JC: That was a difficult question. I want to ask you, to wrap up, about the perception right now of South Korea. There have been some concerns from investors about a scandal domestically about illicit funds paid to an election campaign for the President. I just want to ask you to address some of those concerns and to draw a line under the issue and whether or not it impacts your ability to stimulate the economy and to progress the economy at this stage.

CKH: Well, that is currently under investigation and it's a position taken by one side and even if this were to be a scandal, I don't believe this could impact the Korean economy. The Korean government will persist in its four major reforms and we will continue to implement our economic policy and we will not waiver.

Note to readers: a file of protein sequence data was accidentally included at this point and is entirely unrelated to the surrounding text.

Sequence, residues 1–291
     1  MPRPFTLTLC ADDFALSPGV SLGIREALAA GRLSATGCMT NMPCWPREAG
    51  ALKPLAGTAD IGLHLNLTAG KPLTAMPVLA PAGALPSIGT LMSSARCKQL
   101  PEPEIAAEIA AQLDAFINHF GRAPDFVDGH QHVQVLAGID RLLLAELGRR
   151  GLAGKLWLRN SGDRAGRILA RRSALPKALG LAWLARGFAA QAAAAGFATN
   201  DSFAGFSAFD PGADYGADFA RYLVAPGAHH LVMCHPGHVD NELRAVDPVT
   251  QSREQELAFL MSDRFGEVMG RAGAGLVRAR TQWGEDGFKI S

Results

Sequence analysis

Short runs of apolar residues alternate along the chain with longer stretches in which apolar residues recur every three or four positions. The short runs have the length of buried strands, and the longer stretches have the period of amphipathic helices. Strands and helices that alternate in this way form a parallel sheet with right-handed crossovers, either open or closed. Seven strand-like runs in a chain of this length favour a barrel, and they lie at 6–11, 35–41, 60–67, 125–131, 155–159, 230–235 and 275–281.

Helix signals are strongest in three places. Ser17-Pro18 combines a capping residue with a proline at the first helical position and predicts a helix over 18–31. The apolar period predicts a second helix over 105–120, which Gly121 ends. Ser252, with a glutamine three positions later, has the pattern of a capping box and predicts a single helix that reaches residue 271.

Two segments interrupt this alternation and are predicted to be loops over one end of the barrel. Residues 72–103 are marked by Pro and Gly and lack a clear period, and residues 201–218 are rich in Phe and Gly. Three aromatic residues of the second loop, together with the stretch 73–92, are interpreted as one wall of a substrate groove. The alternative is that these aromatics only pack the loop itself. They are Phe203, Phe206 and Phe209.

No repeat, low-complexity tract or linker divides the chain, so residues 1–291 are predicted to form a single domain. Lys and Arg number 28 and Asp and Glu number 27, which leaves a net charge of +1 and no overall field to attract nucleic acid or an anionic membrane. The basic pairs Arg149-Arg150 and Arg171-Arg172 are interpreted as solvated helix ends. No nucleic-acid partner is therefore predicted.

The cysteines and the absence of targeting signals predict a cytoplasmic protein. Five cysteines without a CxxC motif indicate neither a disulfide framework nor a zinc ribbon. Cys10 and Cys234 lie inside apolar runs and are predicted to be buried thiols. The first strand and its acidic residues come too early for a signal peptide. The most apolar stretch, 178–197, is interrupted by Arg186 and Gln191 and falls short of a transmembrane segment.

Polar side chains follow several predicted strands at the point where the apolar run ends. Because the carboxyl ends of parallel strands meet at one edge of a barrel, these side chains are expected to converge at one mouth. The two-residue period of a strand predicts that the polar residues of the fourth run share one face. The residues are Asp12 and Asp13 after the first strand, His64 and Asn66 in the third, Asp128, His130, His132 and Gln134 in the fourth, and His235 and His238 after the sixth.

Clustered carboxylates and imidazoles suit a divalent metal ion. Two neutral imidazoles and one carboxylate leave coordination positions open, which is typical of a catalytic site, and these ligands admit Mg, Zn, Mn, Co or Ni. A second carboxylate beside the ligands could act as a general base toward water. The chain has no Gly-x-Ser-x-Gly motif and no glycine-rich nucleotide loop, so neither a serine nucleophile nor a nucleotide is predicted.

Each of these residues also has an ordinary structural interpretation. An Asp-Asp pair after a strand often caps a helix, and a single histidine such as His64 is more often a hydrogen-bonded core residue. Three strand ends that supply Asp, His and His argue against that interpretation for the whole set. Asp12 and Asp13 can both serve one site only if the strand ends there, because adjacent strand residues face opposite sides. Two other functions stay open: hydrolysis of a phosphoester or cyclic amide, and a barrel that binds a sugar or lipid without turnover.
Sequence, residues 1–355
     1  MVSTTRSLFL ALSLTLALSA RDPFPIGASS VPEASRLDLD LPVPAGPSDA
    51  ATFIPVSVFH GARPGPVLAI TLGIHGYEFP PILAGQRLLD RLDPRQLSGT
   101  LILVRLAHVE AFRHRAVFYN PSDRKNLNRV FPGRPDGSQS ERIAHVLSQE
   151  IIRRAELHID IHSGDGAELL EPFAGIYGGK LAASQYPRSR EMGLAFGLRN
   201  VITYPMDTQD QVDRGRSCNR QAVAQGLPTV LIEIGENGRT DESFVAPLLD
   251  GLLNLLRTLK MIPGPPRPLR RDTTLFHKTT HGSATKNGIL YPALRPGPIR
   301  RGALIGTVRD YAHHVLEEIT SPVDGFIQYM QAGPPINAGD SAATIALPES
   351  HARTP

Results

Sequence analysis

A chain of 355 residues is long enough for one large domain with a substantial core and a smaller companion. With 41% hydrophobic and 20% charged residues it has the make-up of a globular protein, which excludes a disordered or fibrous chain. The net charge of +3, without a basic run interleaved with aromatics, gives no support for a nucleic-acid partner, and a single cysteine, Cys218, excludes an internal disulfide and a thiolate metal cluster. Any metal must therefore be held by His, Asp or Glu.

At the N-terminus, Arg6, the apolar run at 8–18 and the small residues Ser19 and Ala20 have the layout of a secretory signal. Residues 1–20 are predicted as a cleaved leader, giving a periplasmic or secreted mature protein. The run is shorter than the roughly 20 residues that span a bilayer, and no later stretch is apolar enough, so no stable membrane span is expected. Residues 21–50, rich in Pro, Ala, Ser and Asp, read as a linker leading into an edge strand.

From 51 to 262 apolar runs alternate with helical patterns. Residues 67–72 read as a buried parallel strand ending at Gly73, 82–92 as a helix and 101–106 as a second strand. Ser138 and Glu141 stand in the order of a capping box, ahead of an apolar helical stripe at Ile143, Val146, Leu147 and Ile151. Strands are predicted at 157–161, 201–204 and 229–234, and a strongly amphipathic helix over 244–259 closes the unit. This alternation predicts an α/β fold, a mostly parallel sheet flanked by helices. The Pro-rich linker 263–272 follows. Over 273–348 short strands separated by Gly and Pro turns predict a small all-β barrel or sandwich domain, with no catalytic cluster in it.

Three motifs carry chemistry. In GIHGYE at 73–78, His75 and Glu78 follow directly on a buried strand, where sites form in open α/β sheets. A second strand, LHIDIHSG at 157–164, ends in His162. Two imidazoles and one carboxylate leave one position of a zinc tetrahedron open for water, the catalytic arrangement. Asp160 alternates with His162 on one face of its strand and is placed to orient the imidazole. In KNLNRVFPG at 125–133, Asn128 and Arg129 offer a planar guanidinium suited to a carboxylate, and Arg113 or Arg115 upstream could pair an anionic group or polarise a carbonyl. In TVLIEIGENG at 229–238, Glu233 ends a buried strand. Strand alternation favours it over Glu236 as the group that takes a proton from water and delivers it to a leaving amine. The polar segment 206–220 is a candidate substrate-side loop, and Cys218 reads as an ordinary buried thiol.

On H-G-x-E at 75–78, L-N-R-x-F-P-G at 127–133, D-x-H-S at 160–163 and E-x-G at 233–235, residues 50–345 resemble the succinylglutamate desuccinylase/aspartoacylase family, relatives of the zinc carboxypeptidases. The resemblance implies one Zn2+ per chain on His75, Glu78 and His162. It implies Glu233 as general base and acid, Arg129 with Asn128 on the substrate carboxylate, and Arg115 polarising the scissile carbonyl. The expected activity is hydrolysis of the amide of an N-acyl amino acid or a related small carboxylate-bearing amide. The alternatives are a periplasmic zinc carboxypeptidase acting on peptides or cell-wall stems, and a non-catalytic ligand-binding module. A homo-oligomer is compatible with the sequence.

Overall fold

JC: We're seen inflows into the stock market this year after weakness last year. Is the overriding message from you then to investors looking at South Korea here, that you're open for business and there is potential here, investment potential?

CKH: The fundaments of Korean economy are fairly strong and when you compare the fundamentals of Korean economy to those of emerging markets, I believe we are rather differentiated and we are very competitive. And the merits that we have in the Korean market for investment remains there and it's also known that the Korean stock market has not been fully evaluated compared to other markets, so there are much opportunities resident in the Korean market. And also recently, the Korean government implemented a dividend expansion policy and that also attracted more foreign investment. So the market remains fairly robust and attractive and I think that that has been indicated by the recent inflow of investment into the Korean market.